“It’s just so much stuff we go through,” said Kelvon, a 19-year-old student at Laney College in Oakland who asked that his last name not be used. “For a woman who’s been abused, it might be hard for her self-esteem to go to school. For us men, it could be the same thing: We could have been abused physically, sexually or mentally to where you can’t deal with anything anymore and you have suicidal thoughts. That’s part of what I went through.”

For Keith Jones, the Riverside student, the stress of his current life makes it hard for him to succeed in school.

“I’m 23, still young, I got a long time ahead of me,” he said. “But I feel like I’m running out of time and it’s starting to stress me out.”

One message many foster youth have been getting most of their lives can be especially discouraging, said Colleen Ganley of the chancellor’s office: “You’re just not college material.”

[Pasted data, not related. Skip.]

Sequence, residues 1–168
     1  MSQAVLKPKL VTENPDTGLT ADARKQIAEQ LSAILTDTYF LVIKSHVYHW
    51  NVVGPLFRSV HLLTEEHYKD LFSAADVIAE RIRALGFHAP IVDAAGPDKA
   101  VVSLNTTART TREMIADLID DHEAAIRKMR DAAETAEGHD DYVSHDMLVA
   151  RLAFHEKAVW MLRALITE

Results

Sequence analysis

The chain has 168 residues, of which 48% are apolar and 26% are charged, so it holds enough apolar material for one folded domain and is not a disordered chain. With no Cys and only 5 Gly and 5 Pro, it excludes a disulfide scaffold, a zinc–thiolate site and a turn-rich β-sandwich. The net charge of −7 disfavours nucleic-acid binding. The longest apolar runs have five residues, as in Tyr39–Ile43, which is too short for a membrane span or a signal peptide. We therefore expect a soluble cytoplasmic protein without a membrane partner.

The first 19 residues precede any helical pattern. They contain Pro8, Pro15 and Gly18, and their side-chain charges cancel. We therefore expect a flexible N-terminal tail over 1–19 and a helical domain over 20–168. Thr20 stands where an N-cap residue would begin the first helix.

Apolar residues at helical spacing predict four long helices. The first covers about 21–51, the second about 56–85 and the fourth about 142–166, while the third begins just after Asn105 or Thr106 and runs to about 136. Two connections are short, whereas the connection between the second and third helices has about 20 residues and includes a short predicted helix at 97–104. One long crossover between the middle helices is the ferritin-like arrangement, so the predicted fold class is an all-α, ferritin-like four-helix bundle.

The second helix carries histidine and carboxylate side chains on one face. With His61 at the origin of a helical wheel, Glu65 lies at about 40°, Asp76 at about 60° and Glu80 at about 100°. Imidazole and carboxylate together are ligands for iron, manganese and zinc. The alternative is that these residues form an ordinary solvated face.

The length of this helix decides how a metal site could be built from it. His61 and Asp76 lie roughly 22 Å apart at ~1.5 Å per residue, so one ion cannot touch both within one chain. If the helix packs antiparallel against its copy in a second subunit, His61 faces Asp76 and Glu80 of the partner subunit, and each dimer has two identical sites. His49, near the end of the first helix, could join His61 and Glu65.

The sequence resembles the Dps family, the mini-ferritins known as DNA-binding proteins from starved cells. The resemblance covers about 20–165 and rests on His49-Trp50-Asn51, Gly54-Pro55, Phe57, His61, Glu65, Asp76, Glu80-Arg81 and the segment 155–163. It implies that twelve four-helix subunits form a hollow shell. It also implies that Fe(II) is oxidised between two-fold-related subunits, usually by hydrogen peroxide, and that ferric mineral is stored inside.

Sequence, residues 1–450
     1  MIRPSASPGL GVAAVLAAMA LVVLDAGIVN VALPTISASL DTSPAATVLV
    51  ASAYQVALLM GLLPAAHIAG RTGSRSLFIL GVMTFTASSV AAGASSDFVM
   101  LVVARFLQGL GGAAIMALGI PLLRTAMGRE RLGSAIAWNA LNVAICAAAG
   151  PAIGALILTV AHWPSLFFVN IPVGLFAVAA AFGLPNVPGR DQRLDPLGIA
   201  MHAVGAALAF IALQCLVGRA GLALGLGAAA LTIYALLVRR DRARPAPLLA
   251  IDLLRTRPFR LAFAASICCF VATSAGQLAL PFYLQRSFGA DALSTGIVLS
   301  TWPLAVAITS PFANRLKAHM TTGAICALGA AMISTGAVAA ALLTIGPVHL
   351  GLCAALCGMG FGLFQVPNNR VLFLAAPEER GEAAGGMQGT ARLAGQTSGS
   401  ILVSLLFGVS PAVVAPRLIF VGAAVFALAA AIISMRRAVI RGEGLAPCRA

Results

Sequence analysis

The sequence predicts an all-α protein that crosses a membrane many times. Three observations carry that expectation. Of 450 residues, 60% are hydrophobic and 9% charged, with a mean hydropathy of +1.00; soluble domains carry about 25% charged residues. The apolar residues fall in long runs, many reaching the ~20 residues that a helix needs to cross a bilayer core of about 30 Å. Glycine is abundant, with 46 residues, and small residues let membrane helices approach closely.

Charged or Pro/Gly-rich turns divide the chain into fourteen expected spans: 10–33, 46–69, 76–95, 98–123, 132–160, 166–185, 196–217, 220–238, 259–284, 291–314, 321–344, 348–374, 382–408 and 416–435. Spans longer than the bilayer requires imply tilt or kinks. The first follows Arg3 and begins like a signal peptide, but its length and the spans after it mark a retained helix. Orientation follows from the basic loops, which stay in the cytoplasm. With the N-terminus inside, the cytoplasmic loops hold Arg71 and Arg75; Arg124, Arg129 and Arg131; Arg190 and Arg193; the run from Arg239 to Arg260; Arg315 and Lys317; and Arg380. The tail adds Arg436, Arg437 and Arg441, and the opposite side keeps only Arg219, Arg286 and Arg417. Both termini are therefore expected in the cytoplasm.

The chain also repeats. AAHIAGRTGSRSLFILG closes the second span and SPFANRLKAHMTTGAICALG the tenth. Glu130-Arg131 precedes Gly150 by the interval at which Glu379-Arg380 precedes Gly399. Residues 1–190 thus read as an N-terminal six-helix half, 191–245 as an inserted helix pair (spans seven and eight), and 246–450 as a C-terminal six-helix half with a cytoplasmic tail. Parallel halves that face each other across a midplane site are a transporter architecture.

Almodóvar said he sometimes hears foster youth repeat that message — and makes it his mission to encourage them.

“I tell them: ‘If you’re Latino or black, you need to go to school to get out of being oppressed,’” he said. “I try to keep it in the ear of everyone I talk to, of my foster brothers and sisters: ‘Yo, what’s up with school? What’s up with school? What’s up with school?’ I tell them: ‘I’m 25, I started when I was 19. But I did it.”

Story originally published by EdSource.

Rob Waters